The numerator can already be expressed in terms of factorials, but I don't think the denominator can.
Yes, the denominator can ... well almost.

Factor the denominator. ##(k-1)(k+1)##Write out a few terms.
 
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  • #7
musicgold said:
Oh..I totally missed it. Thanks.
How would a trained mathematician go about analyzing this kind of question? Would they do what I did - analyzing a first few steps?
There are many factors that cancel numerator and denominator. I would write down some factors and see what cancels and what is left. Probably a lot cancels and if you are lucky, all you would be left with are at the beginning and the end.
 
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  • #8
I would do it the way you did, and hope I saw a pattern. Of course, one then has to prove this pattern is correct. For this, you can use induction.
 
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  • #9
if we take 3 successive terms we ll have
$$\frac{(k-1)(k-1)}{(k-2)k}\frac{kk}{(k-1)(k+1)}\frac{(k+1)(k+1)}{k(k+2)}$$ and after simplifications we are left with the two terms in the edges ##\frac{k-1}{k-2}## and ##\frac{k+1}{k+2}## which will get simplified by the previous and next terms so the total product will have all intermediate terms simplified to 1 and only the two outer-outer terms will survive which are the terms ##\frac{2}{1}## and ##\frac{n}{n+1}## giving the final solution $$\frac{2n}{n+1}$$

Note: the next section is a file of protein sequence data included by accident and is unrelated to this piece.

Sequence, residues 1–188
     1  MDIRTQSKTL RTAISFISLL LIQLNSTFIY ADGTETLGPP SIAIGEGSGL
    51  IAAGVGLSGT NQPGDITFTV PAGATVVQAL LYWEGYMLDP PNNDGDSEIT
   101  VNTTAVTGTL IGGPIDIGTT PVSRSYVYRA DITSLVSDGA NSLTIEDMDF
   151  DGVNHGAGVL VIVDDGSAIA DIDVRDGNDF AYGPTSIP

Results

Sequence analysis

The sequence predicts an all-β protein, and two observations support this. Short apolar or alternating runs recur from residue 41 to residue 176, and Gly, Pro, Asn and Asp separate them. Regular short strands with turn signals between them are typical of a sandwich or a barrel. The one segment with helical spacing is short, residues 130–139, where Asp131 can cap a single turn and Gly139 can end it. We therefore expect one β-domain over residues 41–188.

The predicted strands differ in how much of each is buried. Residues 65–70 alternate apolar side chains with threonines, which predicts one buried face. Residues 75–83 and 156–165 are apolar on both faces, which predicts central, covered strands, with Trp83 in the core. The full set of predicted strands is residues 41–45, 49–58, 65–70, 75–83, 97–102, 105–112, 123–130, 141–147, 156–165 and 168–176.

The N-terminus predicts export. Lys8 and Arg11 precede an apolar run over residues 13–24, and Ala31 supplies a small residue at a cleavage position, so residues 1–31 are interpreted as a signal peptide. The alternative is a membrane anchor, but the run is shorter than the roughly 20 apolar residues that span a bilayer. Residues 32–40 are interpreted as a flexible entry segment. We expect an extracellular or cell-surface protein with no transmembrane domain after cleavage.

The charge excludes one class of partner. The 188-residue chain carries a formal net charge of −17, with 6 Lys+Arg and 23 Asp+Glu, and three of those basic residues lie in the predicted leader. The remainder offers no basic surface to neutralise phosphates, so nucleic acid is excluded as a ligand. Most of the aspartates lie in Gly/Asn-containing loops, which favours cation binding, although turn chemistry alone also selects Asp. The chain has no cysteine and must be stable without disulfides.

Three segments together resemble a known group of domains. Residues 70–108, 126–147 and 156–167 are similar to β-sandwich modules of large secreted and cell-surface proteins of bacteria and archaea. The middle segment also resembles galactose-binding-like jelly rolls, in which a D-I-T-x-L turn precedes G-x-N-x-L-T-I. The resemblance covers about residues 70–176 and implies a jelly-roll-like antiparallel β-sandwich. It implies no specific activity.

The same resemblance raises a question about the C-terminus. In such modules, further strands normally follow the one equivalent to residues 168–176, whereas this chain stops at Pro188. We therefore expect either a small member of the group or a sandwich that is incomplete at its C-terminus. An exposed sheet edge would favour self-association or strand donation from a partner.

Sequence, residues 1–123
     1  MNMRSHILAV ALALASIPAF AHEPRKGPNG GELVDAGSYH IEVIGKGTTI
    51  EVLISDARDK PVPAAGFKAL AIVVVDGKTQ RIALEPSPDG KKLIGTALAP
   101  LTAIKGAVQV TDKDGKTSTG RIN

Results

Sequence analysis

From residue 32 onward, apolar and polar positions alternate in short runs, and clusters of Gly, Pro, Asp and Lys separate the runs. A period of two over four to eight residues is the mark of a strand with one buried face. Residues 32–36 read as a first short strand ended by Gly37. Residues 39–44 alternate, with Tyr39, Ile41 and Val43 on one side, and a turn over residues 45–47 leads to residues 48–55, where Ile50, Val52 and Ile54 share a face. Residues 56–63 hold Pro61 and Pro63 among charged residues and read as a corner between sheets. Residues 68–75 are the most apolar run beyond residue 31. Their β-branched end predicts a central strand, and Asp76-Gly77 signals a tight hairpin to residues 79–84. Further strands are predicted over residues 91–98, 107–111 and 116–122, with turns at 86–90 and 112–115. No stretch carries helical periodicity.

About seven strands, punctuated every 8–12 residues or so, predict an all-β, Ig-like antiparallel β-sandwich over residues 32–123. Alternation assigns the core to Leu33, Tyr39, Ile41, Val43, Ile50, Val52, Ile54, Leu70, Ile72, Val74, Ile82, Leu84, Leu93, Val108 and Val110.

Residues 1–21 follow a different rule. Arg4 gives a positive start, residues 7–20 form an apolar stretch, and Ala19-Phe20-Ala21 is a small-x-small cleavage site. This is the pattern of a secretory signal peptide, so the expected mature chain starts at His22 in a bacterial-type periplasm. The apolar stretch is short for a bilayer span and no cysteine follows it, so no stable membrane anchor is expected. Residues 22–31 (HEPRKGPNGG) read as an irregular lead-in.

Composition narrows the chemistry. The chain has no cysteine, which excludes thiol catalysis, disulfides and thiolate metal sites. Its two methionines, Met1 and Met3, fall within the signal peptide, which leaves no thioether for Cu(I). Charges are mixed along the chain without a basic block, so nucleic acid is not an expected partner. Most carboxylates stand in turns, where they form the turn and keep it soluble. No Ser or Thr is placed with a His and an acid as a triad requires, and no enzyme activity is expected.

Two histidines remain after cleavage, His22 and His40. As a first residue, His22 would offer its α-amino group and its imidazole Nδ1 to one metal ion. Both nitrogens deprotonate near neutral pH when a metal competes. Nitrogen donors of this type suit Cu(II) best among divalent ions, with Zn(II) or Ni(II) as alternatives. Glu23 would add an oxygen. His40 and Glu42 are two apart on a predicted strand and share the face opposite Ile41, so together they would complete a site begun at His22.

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  • #10
SammyS said:
Yes, the denominator can [be written as factorials] ... well almost.

Factor the denominator. ##(k-1)(k+1)##

Write out a few terms.
Supposing you are interested in solving this with factorials, you might find it helpful to do the following prior to writing out a few terms.

Rewrite the product as follows.

##\displaystyle b_n = \prod_{k=2}^n {\ \dfrac{k^2}{k^2-1}} ##

## = \dfrac{\displaystyle \left( \prod_{k=2}^n k \right) \left( \prod_{k=2}^n k \right) }{\displaystyle \left( \prod_{k=2}^n (k-1) \right) \left( \prod_{k=2}^n (k+1) \right) } ##​

Write out a few terms, or do the general expanded expression using ellipses (...) .
 
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  • #11
SammyS said:
Supposing you are interested in solving this with factorials, you might find it helpful to do the following prior to writing out a few terms.